Wednesday, July 20, 2011

Yuck (2011)


(Fat Possum)

RECOMMENDED

Scruffy UK noise rockers Yuck present the same conflict to Gen Y music fans as the Pains of Being Pure at Heart, a slightly older band that nevertheless pores over the same list of influences, skewed a few years later -- do children of the '90s really want to live through their adolescence again? Put their debut on and you are bombarded instantly with "Get Away," a song so determined to send shockwaves of memory back to modern rock radio circa 1996 it nearly seems like a stunt. There it all is, the overdriven guitars and the sense of vague, apathetic melancholy aimed at seemingly nothing. But take a look at photos of the band and, as with last year's shocking success story Surfer Blood, it becomes apparent that these are kids, that for them this radio fridge buzz was always a nostalgia trip with bracing and revelatory style, the way the OMD and Depeche Mode records aped by Cut Copy are to me. Guitar bands aren't generational; Yuck's fellow countrymen Male Bonding and Florida's Surfer Blood prove the eternal grace of loud, melodic rock & roll. But you won't necessarily fall in love with Yuck if you fell in love with Astro Coast and Nothing Hurts. A better reference point for Yuck is the Smith Westerns; they amount to a depressed teenage version of the same pop-resurrection concept.

But certainly Yuck tackles this from a more basic framework, and they are a strong outfit -- bass player Mariko Doi overcomes the hip paranoia with sliding, persuasive rhythm, and the twin guitars of Daniel Blumberg and Max Bloom sometimes conjure up more elegance than any of the songs they likely wish they'd written. What will keep you coming back to them is the sheer charm of their sound, less than the material they have written. The killer strum of "Shook Down" takes me right the hell back to ninth grade, to those unbearably melancholy-over-jack-shit spring nights with Gin Blossoms' "Found Out About You" springing up from the headphones. "Suck" boasts a slender, sad hook that dirties up R.E.M.'s Out of Time. And most impressively, "Stutter" is a dead ringer for Luna or, more likely, Yo La Tengo, replete with Ira Kaplan-styled melodic flourishes and shapeless stabs of feedback, and the sweetly lilting male-female duet vocals.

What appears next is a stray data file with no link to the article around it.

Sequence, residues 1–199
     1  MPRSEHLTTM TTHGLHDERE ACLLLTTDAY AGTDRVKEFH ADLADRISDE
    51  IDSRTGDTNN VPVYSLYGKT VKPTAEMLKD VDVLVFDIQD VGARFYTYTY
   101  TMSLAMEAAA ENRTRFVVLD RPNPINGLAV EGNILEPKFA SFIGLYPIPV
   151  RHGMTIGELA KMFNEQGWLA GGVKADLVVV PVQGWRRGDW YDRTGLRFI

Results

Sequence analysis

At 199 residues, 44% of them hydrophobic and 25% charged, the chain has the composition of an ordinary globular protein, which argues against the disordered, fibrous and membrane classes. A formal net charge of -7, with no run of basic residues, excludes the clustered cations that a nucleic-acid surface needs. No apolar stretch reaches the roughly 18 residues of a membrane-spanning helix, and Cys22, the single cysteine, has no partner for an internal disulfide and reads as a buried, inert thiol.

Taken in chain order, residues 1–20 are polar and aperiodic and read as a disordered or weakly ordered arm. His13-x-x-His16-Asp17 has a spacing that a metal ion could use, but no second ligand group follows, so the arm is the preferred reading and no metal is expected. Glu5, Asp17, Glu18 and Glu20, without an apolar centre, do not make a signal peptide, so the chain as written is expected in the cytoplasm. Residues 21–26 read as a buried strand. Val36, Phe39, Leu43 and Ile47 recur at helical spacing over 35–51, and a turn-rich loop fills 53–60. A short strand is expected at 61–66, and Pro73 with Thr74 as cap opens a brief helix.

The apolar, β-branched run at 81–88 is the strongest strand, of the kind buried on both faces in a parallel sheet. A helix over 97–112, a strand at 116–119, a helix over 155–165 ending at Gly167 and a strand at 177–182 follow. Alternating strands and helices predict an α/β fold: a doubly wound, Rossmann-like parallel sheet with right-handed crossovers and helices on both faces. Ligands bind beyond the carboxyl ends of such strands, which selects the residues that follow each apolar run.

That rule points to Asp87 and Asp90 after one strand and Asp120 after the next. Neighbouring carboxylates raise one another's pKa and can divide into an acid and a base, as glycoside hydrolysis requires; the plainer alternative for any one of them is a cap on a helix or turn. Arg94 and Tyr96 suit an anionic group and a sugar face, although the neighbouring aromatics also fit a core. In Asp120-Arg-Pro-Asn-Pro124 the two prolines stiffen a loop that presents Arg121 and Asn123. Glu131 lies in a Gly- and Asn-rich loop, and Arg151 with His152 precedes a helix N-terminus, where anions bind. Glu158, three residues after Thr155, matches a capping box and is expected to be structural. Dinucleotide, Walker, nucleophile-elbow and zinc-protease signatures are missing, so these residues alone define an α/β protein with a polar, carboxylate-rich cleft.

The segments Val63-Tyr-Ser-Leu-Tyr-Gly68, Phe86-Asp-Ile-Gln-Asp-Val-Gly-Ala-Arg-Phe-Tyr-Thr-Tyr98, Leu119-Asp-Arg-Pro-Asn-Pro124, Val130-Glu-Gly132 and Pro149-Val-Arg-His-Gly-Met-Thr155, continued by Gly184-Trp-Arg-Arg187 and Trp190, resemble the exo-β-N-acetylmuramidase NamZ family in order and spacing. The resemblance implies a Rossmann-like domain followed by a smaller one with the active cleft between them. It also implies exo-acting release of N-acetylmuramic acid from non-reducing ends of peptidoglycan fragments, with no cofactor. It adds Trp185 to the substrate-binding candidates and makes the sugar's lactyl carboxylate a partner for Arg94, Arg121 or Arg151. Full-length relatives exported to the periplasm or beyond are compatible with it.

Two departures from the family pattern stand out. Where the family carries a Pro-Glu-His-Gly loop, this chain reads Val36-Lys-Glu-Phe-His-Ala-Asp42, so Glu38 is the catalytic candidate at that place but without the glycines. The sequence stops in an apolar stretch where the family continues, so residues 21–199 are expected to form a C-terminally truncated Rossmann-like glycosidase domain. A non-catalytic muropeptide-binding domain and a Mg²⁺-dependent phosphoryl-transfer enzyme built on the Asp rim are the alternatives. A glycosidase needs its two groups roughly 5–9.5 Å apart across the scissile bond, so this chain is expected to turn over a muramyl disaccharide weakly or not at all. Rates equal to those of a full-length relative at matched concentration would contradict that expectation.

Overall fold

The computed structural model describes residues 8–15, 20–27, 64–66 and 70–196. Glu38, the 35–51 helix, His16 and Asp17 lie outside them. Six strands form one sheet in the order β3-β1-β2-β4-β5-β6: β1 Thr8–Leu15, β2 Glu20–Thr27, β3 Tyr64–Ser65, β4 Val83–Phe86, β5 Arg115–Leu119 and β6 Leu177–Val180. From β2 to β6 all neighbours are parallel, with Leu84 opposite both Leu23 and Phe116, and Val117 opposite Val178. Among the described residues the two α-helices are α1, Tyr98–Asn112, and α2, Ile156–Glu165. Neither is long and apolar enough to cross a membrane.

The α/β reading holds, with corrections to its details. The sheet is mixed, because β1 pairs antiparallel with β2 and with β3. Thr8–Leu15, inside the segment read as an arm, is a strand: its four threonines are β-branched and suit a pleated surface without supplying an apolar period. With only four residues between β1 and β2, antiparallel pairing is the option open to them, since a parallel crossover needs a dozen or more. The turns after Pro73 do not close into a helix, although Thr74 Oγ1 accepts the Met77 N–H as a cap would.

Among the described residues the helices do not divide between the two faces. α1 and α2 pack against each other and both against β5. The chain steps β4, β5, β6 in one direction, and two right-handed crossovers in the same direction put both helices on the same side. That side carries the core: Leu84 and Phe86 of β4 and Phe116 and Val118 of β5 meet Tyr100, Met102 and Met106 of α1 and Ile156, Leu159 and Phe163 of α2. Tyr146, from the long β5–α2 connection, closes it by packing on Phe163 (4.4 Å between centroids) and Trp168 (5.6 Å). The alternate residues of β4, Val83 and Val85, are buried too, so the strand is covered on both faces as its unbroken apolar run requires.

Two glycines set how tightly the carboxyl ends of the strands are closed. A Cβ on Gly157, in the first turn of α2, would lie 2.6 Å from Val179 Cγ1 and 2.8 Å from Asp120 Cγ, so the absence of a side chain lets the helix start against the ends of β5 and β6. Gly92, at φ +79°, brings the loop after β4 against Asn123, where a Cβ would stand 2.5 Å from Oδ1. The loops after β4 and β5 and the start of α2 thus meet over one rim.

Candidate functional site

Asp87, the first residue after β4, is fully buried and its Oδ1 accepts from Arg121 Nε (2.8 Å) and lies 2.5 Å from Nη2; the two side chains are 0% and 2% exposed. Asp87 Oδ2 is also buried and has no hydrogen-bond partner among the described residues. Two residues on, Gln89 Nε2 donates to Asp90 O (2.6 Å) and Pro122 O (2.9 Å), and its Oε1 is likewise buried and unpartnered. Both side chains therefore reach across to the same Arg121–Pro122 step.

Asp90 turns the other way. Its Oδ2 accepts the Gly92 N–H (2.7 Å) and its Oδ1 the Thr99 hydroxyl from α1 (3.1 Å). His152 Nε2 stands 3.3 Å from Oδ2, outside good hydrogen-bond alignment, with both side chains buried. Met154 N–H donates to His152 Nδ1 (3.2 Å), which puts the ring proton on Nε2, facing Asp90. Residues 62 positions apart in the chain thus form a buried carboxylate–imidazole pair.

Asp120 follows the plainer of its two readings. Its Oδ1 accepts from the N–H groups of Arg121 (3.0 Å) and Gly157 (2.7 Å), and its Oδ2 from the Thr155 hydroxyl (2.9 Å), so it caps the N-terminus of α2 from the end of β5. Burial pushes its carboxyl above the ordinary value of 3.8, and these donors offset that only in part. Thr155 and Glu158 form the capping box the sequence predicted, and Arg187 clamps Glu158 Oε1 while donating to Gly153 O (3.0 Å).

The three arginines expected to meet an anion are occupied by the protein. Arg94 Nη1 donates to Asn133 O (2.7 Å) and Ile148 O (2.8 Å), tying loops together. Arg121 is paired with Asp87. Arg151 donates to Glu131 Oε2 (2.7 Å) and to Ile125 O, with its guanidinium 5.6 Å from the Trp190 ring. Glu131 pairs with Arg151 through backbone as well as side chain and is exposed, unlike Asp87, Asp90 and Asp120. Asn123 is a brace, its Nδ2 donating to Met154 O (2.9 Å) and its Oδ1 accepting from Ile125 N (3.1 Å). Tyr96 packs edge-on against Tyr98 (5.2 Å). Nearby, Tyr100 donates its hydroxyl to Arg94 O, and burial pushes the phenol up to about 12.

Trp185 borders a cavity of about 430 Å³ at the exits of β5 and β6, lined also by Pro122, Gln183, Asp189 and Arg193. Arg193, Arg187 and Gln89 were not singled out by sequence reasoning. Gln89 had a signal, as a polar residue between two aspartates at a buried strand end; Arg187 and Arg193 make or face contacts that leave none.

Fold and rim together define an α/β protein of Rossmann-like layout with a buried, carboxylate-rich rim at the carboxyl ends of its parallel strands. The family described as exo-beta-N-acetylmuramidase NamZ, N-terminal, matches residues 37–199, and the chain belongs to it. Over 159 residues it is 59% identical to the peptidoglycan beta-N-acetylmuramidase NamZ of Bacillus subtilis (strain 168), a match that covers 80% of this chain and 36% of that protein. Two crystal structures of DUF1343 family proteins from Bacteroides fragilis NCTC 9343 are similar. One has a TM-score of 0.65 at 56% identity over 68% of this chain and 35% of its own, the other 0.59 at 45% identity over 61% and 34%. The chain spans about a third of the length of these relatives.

Yo La Tengo was never exactly a radio hitmaker, but that Yuck lumps them in with Soundgarden is appropriate in a sense. Back when I was growing up, Pavement, one of those bands I wasn't cool enough to listen to but wished I was, slammed the Smashing Pumpkins, who were then gods to me, in a song of theirs ("Range Life"). Billy Corgan of the Pumpkins shot back with all manner of batshit threats and rants, and as of 2010 he still hasn't really calmed down about it. But Pavement and the Pumpkins exist as a single entity in Yuck's music, revealing the idiocy of such feuds -- "The Wall" fuses the annoying distorted wailing of Corgan (in the manner of "Zero") with the annoying but awesome distorted guitars and melodies of Pavement ("Conduit for Sale!") to create one big annoying distorted mess. Meanwhile, everyone's hearing Oscar-nominated luminary Elliott Smith in "Suicide Policeman," but I can't help catching its melodic tie to the wondrous, unjustly forgotten Beulah -- and somehow it never occurred to me that Smith and Beulah might have remotely the same ideas about rock music until Yuck threw them together.

The single "Holing Out," track four, marks the first point on Yuck when I start to get sleepy. Unfortunately, that's a mere prelude -- the entire last half of the LP consists of murk that the songs can seldom rise above. The point by then has already been made before you can even start tracking down all the reviews that called the Pumpkins themselves so derivative they'd never have an impact. Yeah, nostalgia rush, check, and some pain and depression, but it's also ultimately background music -- ideal for video games or reading the news -- and that's before it even reaches the endless grunge plod that closes it out. Yuck indeed... but keep an eye on this group just in case they try anything funny next time. Maybe we'll get an unadorned Nothing Hurts out of them yet.

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